The Abecedary as an art form is a hybrid between visual and written languages, one whose many creative possibilities and natural affinities has yielded centuries of innovative variations. From the illuminated texts of the Middle Ages and the Renaissance, to Erté’s art deco alphabet series, to the books of Edward Gorey, and modern projects by painters like Andy Warhol, John Baldessari, Laura Owens and Jasper Johns, it’s easy to see what piques their visual curiosity.
Into this rich vein come Françoise and Douglas Kirkland with their elegant, luxurious new publication, the Physical Poetry Alphabet. The large-plate book offers liberal helpings of fairy dust, haute romance, and masterful poses from classical and modern dance, amplified with lush styling and elaborate image structuring — all laid on the foundation of Douglas Kirkland’s famous photographic portraiture lens.
Françoise Kirkland leads the team of dancer Erika Lemay, costume designer Simone Guidarelli and element designer William Thoren through a pageant of 26 letters and a few punctuation symbols, as they are both imagined and enacted on the glossy pages.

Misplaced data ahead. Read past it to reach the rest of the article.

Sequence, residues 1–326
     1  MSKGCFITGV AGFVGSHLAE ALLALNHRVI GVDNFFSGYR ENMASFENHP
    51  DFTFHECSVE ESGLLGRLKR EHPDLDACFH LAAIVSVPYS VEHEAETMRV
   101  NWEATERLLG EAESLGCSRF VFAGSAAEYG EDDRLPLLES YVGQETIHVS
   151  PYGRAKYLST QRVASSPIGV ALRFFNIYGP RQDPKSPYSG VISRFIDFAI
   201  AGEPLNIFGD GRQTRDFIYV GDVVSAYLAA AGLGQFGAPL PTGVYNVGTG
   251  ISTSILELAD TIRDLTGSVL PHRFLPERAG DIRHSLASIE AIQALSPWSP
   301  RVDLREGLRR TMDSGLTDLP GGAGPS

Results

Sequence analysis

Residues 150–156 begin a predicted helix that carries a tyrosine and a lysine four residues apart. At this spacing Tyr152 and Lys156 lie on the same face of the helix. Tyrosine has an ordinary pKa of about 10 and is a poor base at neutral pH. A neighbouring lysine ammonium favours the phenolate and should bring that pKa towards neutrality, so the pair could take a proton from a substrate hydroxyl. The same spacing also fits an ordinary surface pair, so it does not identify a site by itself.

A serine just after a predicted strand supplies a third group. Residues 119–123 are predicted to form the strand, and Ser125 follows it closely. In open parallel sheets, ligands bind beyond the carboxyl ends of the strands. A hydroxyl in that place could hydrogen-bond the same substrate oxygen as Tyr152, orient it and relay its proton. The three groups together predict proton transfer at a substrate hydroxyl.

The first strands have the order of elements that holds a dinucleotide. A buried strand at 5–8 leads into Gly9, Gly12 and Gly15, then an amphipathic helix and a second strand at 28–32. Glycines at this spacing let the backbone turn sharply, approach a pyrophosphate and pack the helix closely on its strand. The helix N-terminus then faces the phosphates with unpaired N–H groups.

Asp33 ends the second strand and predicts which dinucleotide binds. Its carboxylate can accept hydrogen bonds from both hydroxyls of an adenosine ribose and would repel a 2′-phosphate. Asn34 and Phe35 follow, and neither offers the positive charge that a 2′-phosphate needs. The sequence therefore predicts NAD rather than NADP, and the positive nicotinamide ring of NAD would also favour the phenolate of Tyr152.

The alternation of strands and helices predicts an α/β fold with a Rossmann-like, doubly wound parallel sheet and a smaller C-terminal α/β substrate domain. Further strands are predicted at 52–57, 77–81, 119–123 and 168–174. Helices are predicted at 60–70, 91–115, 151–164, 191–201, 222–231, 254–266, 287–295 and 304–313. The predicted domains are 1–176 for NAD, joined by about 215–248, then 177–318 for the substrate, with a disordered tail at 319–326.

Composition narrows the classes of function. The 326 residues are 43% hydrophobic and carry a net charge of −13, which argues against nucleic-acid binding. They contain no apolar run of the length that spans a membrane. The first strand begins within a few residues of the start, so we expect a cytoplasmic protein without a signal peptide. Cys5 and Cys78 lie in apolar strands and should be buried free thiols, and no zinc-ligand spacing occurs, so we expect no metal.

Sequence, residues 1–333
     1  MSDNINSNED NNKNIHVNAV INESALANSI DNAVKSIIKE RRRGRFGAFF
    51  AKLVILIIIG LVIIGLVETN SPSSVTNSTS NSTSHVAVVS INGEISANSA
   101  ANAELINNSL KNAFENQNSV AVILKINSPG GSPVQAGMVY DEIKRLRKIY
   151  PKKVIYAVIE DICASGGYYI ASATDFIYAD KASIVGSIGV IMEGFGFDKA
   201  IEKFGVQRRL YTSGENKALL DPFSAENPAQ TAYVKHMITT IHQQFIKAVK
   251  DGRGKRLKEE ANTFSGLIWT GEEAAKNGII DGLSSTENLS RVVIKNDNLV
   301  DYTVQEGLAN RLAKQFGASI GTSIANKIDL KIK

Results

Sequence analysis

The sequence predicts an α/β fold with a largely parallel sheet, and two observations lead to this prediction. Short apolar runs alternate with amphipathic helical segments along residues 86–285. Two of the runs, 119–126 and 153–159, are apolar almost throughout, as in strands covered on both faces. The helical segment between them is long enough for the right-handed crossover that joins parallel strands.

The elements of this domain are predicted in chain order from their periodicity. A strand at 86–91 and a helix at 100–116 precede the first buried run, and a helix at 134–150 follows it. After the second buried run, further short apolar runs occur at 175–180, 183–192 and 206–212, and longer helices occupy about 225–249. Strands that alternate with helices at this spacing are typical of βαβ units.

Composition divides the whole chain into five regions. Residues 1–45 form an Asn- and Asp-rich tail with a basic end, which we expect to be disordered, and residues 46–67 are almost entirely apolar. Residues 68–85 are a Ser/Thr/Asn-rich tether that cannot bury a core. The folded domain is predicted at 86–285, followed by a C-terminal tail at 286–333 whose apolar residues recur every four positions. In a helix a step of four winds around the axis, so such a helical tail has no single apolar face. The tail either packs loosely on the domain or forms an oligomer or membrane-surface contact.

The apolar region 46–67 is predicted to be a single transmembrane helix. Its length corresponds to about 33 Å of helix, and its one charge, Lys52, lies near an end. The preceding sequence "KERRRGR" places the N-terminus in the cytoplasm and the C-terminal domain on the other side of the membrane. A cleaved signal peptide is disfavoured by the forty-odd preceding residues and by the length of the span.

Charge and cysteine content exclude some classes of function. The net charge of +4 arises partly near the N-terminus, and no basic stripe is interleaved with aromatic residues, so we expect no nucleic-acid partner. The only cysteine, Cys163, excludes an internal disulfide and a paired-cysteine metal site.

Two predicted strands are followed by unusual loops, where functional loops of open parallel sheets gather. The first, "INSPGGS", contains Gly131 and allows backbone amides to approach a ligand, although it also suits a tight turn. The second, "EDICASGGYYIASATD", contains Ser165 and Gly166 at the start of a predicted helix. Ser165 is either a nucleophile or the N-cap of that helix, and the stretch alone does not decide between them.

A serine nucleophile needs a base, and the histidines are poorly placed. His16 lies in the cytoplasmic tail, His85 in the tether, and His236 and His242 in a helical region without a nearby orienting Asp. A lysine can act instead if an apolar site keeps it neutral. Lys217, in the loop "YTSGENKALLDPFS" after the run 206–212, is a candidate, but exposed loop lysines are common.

The book seems to ask, can a font constitute a narrative in itself, long before its alphabet is used to form words? In the case of the Physical Poetry Alphabet, the answer is yes. Each letter on its own is a richly detailed arrangement, a precision photo-collage of feathers, flowers, jewels, stars, charms and ribbons — all activated by the motion of a world-class movement artist.
The book also features not only behind-the-scenes production shots and sketches but also engaging personal and historical texts by Lemay, Thoren and Françoise Kirkland, along with the book’s designer, Ornan Rotem, who adds introductory remarks on the development of the alphabet and what he calls “the long-standing romance between the human body and letters.”